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Editorial

Beacon Hill is going in the wrong direction on higher-ed funding

Protesters briefly chanted as Governor Charlie Baker spoke during UMass Amherst’s commencement last week.
Protesters briefly chanted as Governor Charlie Baker spoke during UMass Amherst’s commencement last week.(Matthew J. Lee/Globe Staff)

Yes, UMass students need relief from rising tuition. But the way the state Senate has proposed to freeze costs for the five-campus system misses the mark, and could wind up doing more harm than good.

Lawmakers’ concerns are certainly well-founded: Total cost for in-state undergraduates at the University of Massachusetts Amherst hit $28,513 this year, including tuition, fees, and room and board. Higher costs translates into more debt, which has become a crippling financial burden for young graduates and a drag on the economy.

Rising costs at US public universities stem from decades of state-level budget cuts. That’s true in Massachusetts too, where per-student spending on higher education is down by about 30 percent compared with 2001, according to the Massachusetts Budget and Policy Center.

The way to stop tuition increases is to reverse the years of disinvestment in public higher education. The UMass system estimated that in order to avoid tuition increases next year, it would need $568 million in state funding.

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Instead, the House, Senate, and Governor Baker proposed an identical, lower amount: $558 million.

But the Senate Ways and Means Committee went a step further than either Baker or the House: It forbids UMass from raising in-state tuition and mandatory fees to close the gap itself.

If the Senate wants to avoid tuition cuts, it could just fund the full $568 million. Without adequate state funding or the ability to raise tuition, UMass will have only one option left to balance its books: cuts.

Now, if you believe that UMass is a haven of administrative flab and wasteful spending, then maybe the Senate’s approach is just the tough medicine needed to scare it into fiscal discipline. But the system has been in budget-cutting mode for years, and campus chancellors say they’d be forced to shrink still further if the Senate’s approach prevails. The University of Massaschusetts Boston, which has endured years of financial turmoil, including significant cuts, says it will have to cut about 100 administrative or faculty positions, eliminate about 1,000 class sections, or some combination thereof.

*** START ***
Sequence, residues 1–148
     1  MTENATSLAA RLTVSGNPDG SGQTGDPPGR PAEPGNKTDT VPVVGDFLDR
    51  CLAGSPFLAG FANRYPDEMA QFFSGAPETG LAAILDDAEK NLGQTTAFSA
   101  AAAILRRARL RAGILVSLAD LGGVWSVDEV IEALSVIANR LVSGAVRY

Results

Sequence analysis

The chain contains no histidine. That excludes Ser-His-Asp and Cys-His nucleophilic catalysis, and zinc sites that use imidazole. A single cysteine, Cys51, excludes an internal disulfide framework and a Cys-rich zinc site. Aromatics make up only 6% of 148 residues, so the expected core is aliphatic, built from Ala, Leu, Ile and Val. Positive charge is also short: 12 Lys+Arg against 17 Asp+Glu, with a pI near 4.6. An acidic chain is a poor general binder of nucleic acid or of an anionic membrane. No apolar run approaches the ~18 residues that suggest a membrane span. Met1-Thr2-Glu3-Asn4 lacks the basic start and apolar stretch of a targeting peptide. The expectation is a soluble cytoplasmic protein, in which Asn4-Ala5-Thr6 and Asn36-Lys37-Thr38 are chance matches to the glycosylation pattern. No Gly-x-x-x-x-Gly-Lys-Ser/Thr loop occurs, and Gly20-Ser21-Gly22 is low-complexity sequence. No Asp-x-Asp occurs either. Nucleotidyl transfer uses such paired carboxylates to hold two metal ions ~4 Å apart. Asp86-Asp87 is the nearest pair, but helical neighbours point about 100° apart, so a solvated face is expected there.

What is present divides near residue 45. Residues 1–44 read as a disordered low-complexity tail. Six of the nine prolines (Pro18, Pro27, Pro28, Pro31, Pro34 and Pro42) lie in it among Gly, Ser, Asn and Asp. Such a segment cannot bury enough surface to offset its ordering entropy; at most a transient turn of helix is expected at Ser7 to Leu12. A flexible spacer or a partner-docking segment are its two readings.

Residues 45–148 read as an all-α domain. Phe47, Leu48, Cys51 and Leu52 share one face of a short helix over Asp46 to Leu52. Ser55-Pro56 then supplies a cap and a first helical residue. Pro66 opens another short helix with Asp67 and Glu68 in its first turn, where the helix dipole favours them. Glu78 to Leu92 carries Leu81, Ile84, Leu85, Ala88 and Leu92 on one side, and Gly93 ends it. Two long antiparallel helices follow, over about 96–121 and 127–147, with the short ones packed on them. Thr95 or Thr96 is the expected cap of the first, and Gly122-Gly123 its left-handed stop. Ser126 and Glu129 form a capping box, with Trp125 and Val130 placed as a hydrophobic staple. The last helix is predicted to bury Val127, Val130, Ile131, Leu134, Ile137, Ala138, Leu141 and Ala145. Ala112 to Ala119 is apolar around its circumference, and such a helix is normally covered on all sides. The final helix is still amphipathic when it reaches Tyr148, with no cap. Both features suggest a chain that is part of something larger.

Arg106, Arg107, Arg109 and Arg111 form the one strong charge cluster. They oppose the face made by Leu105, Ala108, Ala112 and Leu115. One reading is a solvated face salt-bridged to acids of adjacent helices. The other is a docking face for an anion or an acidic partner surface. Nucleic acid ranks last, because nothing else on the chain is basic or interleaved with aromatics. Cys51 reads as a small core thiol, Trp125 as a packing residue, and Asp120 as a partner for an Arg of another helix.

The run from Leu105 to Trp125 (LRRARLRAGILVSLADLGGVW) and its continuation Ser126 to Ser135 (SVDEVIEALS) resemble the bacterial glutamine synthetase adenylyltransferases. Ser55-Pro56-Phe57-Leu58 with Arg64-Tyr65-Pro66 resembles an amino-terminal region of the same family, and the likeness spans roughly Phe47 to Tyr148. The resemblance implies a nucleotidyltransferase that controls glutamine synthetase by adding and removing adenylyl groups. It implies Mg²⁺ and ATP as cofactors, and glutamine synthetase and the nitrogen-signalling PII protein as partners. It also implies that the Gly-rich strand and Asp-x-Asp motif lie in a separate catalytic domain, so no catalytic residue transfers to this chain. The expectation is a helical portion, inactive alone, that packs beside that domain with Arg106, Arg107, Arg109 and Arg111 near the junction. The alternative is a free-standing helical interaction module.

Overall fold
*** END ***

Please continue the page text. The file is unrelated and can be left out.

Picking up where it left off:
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The potential harm to UMass from the Senate plan goes beyond potential cuts. The UMass board sets tuition rates, and the Legislature has never taken the authority out of its hands — even for a year. UMass fears that the system’s bond rating will suffer if lawmakers set the precedent that they can interfere in tuition-setting.

Another worrisome development: State Senator Nick Collins has proposed an amendment that would forbid UMass Boston from reducing spending on centers and institutes housed at its Dorchester campus, which range from the Institute of Asian American Studies to the Urban Harbors Institute.

Those centers do important work that’s valued in the community, but they are not central to the student experience, and UMass is trying to wean them off university funding so it can focus those dollars on core needs. At private universities, institutes typically fund themselves with outside grants instead of relying on tuition dollars, and that’s the model UMass wants to implement.

Alternatively, if the state Legislature considers the institutes important, it could be the grant-giver itself and appropriate money to fund them. Indeed, if the Collins proposal came with extra funds attached to it, he’d get no argument from us. But it doesn’t: It just orders the university to keep supporting the institutes at current funding levels, which UMass Boston says will require shifting about $2.3 million away from its core needs, even as the Senate budget prohibits them from raising tuition. The university estimates that the provision would lead to the elimination of 460 class sections, dozens of layoffs, or a combination of both. (And that would be on top of cuts that would have to take place if the Senate tuition freeze condition remains in the budget.)

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Decades ago, when the state provided more of UMass’s budget, legislators might have had more standing to decree how UMass raised and spent money. If lawmakers want to freeze tuition and keep the UMass Boston research centers alive, then great — they just need to start writing the checks.

Failing that, Beacon Hill ought to let the university make the tough decisions needed to thrive.